An Aquaculture Primer

How do you make a small fortune in aquaculture? Start with a large one. So goes an old joke. What makes a species ideal for one body of water can tank it in another. Growing an industry takes the right combination of temperature and salinity, in addition to an appetite for spending the research dollars to cultivate certain species. Here are some species already growing here, and a look at why others have struggled.

Species Where grown State in the Bay
Hybrid striped bass Hybrid striped bass
Morone chrysops x
Morone saxatilis
The first hybrid striped bass was raised in the 1960s in South Carolina by crossing eggs from a female striped bass with sperm from a white bass. The fish have since become a big industry in the Carolinas as well as Kentucky and Indiana. In the 1980s, striped bass were raised in Maryland, but by 2003, commercial production ended due to economic and other constraints. (see "Striped Bass") Much of the broodstock and technology for growing hybrid striped bass was developed in Maryland and helped other states.
Oyster Oyster
Crassostrea virginica
Here, mostly south of Annapolis on both sides of the Chesapeake Bay to Norfolk and in the coastal bays. Nationwide, on the Gulf Coast, the Pacific Northwest, and New England waters. Virginia had aquaculture for more than a century, while Maryland opened up all its waters to oyster aquaculture in 2009. Virginia now has the largest oyster aquaculture industry on the U.S. East Coast, with a value of $18.5 million in 2016; Maryland's was valued at $5 million that year. Virginia's farmed oysters long ago eclipsed their wild harvest; Maryland's farmed oyster harvest is on pace to do the same in the next few years.
Whiteleg shrimp Whiteleg shrimp
Litopenaeus vannamei
Largely in the southeastern U.S. and Texas. Three Baltimore friends opened a shrimp business in landlocked Hurlock, on Maryland's Eastern Shore, in 2003. It moved to North Carolina (see "Fishing for Answers," page 3) in 2014. There are no other shrimp farms in Maryland; Blue Ridge Aquaculture, in Virginia, experimented with commercial shrimp production and found a lack of space limited its success.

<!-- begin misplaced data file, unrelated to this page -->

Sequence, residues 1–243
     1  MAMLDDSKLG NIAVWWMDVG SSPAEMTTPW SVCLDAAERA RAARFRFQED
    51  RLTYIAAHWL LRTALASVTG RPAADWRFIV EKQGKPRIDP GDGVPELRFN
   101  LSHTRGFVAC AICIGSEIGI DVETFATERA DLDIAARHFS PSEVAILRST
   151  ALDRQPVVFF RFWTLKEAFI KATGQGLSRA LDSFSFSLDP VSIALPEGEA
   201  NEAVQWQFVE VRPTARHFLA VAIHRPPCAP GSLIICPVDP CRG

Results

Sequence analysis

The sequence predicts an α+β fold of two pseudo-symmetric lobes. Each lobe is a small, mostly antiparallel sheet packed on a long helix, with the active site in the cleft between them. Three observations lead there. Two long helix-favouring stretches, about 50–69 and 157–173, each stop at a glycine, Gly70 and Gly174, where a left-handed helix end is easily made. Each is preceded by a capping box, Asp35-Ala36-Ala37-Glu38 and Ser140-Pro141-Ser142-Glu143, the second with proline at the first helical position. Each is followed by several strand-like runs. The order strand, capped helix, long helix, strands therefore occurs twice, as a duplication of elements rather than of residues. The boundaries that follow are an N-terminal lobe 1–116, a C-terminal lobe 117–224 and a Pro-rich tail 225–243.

Clam Clam
Mercenaria mercenaria
High-salinity parts of the Chesapeake and coastal bays, largely in Virginia; some farms operate in the Maryland coastal bays near Ocean City. Clam aquaculture took off in Virginia in the 1980s when diseases devastated oyster populations there and forced the wild fishing industry to seek alternatives. That proved highly successful. In 2016, the market value of Virginia's clams was $38.1 million.
Macroalgae Macroalgae
Gracilaria and Agardhiella
Kelp and related seaweed products are showing great promise as a commercial aquaculture product in Connecticut, Maine, and Alaska. Federal and state governments are supporting research and further development of seaweed as an aquaculture product. Little is known about how seaweed grows in the Chesapeake Bay. Researchers at the University of Maryland, College Park experimented with growing native Gracilaria, and studied whether it might work in tandem with oyster farming. Similar work is underway in California.
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Earning Their Stripers Give students a fish, and they can eat for a day. Give students 10 striped bass, a laboratory with re-circulating water tanks, and a box full of feed, and you can teach them how a planet is increasingly feeding itself. By Rona Kobell.

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